99 Lives project hopes to apply research data from cats to humans
COLUMBIA- In genetic terms, humans are almost similar to cats.
According to Genome Research and the Cold Springs Harbor Laboratory press, cats are genetically 90 percent similar to humans. Genome Research also shows that domestic cats possess over 250 hereditary disorders. Many of these disorders are similar to the genetic pathologies that exist in humans.
The Lyons Den laboratory at MU is looking to make the connection between the diseases in cats and humans. The lab's "99 Lives" project aims to genetically sequence 99 cats with the help of blood samples and monetary donations. The lab genetically sequences cats by drawing a small blood sample from the cat. The results will help researchers better understand how to treat genetic disorders in cats as well as humans.
Leslie Lyons, a genetics professor at MU, says the lab hopes to apply the data it gathers from researching cats to humans.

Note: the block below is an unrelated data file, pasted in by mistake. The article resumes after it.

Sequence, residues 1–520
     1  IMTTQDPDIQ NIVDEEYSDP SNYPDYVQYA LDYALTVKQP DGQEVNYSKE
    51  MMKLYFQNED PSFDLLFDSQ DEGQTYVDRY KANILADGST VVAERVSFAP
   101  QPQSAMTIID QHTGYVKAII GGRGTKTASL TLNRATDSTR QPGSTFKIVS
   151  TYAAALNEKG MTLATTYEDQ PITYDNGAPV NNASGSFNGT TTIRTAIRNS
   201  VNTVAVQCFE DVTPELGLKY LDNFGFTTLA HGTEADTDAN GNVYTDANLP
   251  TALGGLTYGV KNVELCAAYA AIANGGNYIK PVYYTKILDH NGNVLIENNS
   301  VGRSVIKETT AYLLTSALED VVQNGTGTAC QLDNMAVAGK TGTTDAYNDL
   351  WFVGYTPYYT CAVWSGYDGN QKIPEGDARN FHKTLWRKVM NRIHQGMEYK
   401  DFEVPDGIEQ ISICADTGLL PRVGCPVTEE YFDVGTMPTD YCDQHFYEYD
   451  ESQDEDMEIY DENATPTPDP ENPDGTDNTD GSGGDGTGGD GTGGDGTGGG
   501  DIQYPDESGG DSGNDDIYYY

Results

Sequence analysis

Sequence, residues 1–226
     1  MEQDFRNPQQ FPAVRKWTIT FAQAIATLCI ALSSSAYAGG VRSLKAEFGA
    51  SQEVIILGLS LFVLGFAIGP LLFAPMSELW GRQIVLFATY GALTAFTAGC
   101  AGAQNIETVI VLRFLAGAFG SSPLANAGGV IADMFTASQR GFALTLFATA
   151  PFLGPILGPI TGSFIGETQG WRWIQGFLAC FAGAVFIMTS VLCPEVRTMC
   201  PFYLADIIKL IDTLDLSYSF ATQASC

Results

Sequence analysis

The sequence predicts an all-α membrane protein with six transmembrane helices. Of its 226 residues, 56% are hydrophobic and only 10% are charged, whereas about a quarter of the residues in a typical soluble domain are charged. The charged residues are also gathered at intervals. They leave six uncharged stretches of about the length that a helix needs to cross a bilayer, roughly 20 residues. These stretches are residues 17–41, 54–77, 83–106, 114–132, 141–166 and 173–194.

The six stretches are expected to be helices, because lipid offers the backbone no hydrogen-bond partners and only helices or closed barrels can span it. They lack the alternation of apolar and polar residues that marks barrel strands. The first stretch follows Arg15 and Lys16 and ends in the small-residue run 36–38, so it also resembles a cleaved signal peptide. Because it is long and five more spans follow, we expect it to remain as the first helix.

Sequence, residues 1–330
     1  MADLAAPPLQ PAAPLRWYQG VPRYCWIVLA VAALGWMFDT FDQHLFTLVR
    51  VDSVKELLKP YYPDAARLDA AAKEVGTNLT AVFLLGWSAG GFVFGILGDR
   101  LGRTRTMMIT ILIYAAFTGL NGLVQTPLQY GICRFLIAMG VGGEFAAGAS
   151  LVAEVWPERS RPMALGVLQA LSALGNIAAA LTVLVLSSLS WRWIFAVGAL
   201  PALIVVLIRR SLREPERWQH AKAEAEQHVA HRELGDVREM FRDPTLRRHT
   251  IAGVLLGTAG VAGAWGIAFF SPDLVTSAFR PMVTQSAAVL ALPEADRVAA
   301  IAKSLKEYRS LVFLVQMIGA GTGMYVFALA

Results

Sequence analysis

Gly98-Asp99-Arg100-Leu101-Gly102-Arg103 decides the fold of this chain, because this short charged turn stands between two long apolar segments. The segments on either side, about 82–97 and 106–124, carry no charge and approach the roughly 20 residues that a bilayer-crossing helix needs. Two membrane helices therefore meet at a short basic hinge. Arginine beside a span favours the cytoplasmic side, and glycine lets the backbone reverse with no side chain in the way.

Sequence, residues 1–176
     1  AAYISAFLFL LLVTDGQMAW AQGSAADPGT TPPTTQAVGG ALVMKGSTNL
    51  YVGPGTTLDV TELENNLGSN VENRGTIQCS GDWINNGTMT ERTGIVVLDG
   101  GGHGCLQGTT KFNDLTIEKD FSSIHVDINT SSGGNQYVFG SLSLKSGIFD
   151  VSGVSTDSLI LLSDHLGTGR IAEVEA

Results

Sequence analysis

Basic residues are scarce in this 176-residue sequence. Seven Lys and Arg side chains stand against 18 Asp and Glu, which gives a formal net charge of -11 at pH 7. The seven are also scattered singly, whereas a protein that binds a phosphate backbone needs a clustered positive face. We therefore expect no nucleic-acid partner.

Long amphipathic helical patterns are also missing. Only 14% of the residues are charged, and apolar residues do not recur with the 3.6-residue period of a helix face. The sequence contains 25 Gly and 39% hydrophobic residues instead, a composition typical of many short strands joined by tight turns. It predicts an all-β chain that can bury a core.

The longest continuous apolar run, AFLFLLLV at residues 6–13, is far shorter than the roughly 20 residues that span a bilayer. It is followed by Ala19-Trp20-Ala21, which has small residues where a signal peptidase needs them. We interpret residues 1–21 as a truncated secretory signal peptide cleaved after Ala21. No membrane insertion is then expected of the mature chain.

"Because a cat is a mammal and so are humans, humans also have the exact same conditons. So if we figure out a treatment that works for cats, then that treatment could be applied to humans as well."
Lyons says researchers can gain a better understanding of several genetic disorders that are common in cats and humans.
"Blindness, we hear about all the time. We hear about diabetes all the time. Asthma, cats have these exact same problems. "
The cost of genetically sequencing an entire cat is $7,000. Lyons says there are several ways for the community to get involved in the project.
"Any amount of money is greatly appreciated and will really help the project, but also we're looking for people that have a cat that has an unusual health condition and perhaps that is a cat we actually would put into the project."
To learn more about the project or to donate, visit the Lyons Den lab website.